Vancouver sculptor David Marshall wanted everybody to understand, enjoy and touch sculpture. And because two of his major works the 2.4 metre (8-foot), semi-abstract marble carvings Three Carrara are now permanently on display in VanDusen Botanical Gardens, joining Three Forms, carved onsite during the 1975 Vancouver International Stone Sculpture Symposium he is a little closer to getting his wish. As his friend and biographer, I am delighted that people having a light lunch at the gardens café can marvel at the newly installed Three Carrara and perhaps wonder who carved it and how it got there.
These two Marshall sculptures are still the only ones the public can admire in Vancouver. For more of Marshalls work, they have to cross the border and go to Bellingham.
Marshall (19282006) was born on a farm in Alberta, grew up in Toronto and arrived in Vancouver in the winter of 1948, penniless but determined to become an artist. He went on to become a founding member of the Sculptors Society of British Columbia, forming lifelong friendships with other Vancouver sculptors, such as Elek Imredy, Peter Paul Ochs and Gerhard Class. His life was about obsessively serving his muse in stone, ceramic, wood and bronze, but he always felt that the Vancouver public really didnt care about his work.
Beginning in 1990, he carved Three Carrara at Capilano College (now Capilano University), after retiring from several decades of teaching there. For two years, he and his assistant, German Galdamez from El Salvador, carved and polished the white stone. Marshall only briefly commented on the third piece, reminiscent of a whale, calling it an animal figure. The other two pieces are highly stylized, one angular, the other rounded. Together, they reprise recurring themes in Marshalls work: relationships between man, woman and Nature.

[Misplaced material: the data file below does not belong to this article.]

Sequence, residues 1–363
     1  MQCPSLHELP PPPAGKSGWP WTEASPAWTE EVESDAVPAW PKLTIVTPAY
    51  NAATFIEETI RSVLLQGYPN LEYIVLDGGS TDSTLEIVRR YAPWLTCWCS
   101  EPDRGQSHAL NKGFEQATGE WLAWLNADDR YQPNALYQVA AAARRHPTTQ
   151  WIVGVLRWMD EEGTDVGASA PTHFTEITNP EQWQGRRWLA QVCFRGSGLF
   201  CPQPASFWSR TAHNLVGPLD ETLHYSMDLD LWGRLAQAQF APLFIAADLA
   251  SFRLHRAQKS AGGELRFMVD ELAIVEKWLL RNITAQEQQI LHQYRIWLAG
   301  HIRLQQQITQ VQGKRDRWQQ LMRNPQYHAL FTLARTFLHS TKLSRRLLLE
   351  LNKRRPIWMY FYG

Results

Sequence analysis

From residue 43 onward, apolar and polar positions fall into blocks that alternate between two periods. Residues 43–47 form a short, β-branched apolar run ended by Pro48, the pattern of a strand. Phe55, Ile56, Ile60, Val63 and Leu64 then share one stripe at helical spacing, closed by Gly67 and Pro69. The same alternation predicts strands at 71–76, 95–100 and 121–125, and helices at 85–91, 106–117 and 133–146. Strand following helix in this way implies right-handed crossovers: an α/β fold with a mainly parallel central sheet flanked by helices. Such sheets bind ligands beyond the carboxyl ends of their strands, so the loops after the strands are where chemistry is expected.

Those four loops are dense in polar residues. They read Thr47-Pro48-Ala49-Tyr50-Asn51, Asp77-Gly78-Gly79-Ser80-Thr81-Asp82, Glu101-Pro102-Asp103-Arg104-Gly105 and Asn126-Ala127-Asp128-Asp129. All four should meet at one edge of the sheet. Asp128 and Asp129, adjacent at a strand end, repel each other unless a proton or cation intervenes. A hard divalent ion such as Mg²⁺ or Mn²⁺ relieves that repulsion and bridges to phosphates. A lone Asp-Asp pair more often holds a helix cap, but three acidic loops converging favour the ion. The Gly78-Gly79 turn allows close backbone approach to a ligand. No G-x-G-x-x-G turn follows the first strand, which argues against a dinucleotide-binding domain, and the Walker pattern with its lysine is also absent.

When I wrote The Life and Art of David Marshall, the first book in the acclaimed series Unheralded Artists of BC, I knew Marshall considered touch the key to sculptures power to communicate in a pre-verbal, visceral manner. He felt that the secret to experiencing sculpture is sensual as well as visual and intellectual. You can fool the eye, but not the hand, he used to say. Marshall admired the Inuit, who carved some of their work specifically for the sense of touch, the first sense humans develop in the womb. He saw the Inuit integration of art into everyday life as the ideal.
But Marshall was no Inuit carver; he spent most of his life doggedly pursuing perfection in his backyard studio while his admirers, a group of fellow artists and serious collectors scattered across the globe, pushed for the international recognition they felt he deserved. Even while ill, he was planning new bronze castings and sketching new works as friends and fellow artists came to say goodbye. Marshall died at age 78.
This article is based on the book of the same name, the first book in the Unheralded Artists of British Columbia series (Mother Tongue Publishing), which illustrates and explores the lives and art of important but previously undocumented BC artists from the 1900s through the 1960s. The books are available at the Vancouver Art Gallery Shop and other venues, as well as from mothertonguepublishing.com.